INTERVIEWING THE AUDIENCE
INTERVIEWING THE AUDIENCE
‘Interviewing the Audience’ is a new work by the playwright and filmmaker Zach Helm and created spontaneously each night by Mr. Helm from onstage interviews with willing members of the audience.
Interviewing the Audience, which was Spalding Grey sort of asking questions, bringing people up from the audience and asking questions and making it theater. And as Zach points out, Spalding Grey had a bunch of questions. Zach only has one. And I have to tell you, the most impressive part of this is that somehow, people who do this kind of thing of bringing people up from the audience are remarkably good at figuring out who to bring up. The night that I saw it, they brought up a young man, who’s name — well, he wasn’t all that young, he was almost 50 — who’s name was John, and asked him the question of what brings you here. And Jon just took off for the next 15 minutes of telling the story of his girlfriend and how they met and how they were getting engaged, and then the night that he gave her the ring, and he was really wonderful, and you enormously cared hugely about him. And then they brought his girlfriend up to sort of talk about her perception, and it was really great theater. Well, I’m not sure it was great theater to be quite honest. It was very interesting human drama. Although, I don’t think he’s a great interviewer, but that’s maybe because I ask much nastier questions than he asked. Then, he turned on the audience lights and came out into the audience, and I’m terrified that he’s going to pick me because I always get pic
ked for these things. But he did not pick me, he picked my date, which is the only thing worse than being picked, because my date is smart enough to realize that if he talked about himself he was going to be vulnerable and exposed, but if he talked about me, th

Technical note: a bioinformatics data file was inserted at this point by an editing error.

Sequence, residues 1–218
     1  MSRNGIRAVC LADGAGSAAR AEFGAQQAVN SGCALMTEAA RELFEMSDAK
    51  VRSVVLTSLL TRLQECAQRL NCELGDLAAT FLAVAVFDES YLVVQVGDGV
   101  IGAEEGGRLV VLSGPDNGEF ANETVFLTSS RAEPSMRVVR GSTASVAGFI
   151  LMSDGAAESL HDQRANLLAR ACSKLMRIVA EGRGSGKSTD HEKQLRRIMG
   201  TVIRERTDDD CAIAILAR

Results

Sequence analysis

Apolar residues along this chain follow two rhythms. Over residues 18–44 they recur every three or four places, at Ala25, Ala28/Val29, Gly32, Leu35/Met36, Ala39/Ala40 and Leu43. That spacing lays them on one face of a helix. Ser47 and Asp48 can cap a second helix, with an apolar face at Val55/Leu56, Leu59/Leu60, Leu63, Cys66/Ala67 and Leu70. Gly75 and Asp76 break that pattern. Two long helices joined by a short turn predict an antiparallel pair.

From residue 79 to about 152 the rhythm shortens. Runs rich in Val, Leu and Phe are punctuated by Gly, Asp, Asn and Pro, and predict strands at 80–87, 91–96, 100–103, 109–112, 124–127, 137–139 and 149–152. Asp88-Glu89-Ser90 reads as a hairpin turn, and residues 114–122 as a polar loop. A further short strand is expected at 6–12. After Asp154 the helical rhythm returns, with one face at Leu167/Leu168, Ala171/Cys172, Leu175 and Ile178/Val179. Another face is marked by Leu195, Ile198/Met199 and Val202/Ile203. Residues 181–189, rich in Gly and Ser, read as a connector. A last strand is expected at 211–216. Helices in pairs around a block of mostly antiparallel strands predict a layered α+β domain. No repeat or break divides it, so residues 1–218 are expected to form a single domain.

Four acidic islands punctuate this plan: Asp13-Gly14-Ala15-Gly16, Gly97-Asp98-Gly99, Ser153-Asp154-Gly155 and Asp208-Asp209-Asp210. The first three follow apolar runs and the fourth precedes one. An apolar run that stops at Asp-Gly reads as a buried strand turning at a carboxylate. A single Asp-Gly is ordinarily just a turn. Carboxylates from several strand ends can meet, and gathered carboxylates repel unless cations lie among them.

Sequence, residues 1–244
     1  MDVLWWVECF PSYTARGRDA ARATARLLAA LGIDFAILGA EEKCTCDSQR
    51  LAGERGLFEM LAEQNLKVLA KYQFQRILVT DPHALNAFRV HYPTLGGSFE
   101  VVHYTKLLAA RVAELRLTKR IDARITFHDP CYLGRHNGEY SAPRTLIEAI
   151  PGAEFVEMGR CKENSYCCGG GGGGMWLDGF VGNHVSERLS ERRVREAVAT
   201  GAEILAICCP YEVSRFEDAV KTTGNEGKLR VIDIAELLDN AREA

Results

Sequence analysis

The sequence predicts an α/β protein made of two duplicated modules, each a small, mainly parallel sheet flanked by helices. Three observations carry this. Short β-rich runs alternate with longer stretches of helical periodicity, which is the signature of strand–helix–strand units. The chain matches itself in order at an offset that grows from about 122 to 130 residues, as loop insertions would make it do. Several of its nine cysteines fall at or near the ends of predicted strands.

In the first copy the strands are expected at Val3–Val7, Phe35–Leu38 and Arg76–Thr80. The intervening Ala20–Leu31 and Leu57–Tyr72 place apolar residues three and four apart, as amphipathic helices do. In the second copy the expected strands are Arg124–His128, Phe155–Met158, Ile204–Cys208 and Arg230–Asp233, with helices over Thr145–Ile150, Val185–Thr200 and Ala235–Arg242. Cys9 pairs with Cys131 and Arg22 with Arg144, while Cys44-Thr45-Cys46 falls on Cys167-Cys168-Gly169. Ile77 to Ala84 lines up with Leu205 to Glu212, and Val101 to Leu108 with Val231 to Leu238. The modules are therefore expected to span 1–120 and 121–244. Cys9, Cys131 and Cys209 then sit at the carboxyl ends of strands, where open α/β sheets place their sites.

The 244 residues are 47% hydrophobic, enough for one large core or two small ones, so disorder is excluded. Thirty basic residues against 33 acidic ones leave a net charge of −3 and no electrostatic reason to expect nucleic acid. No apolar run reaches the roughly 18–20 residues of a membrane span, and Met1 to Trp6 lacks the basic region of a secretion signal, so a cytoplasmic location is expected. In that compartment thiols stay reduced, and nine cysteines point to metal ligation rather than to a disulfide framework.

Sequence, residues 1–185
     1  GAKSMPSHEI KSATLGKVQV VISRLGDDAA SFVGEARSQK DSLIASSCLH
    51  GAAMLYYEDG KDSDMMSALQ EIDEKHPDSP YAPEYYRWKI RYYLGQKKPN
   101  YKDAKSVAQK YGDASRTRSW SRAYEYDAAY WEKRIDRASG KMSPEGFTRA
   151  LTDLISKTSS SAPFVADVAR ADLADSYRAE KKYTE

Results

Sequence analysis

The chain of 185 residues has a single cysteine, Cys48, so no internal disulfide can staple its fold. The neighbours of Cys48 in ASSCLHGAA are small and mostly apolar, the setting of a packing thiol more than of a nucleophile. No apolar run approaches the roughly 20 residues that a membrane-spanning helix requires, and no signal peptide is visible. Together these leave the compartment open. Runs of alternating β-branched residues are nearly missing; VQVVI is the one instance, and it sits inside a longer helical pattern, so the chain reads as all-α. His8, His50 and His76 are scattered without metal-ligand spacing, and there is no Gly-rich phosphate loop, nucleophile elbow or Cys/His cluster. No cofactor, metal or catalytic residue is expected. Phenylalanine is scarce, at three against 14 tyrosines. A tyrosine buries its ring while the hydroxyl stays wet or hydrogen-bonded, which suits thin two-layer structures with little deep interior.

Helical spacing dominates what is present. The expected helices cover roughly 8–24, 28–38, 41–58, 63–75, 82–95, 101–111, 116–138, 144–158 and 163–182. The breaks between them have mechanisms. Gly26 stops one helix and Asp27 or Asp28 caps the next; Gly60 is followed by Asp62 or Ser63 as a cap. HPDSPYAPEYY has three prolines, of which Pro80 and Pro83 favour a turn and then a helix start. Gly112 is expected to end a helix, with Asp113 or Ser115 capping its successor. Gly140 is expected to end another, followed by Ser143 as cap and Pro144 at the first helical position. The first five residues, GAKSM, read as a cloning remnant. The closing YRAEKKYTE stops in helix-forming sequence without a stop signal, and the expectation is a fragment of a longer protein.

en I was going to be vulnerable and exposed, which is sort of what he did. I sort of could sympathize with the woman, Darlene, before, who had her hands over her face part of when John was talking. But having said that, it was a very interesting experience. Zach at the end says, well, the audience may want to sit around and talk with each other, because all three people ended up talking about love and relationships and the past, and it was actually somehow knit together, and worked, actually, fairly well. And the audience reaction was actually as warm and comforting as anything else, because people wanted to talk to each of the three interviewees and to me, because I was the part that was talked about but not there. So it was actually a fairly interesting kind of evening at the theater; it’s a little hard to review dispassionately because there was a part of me that was horrified when I was being talked about, and a part of me that was enchanted, and a part that thought I can do a better job of this. So all in all, it was actually an interesting experience. I’d give it two and a half stars.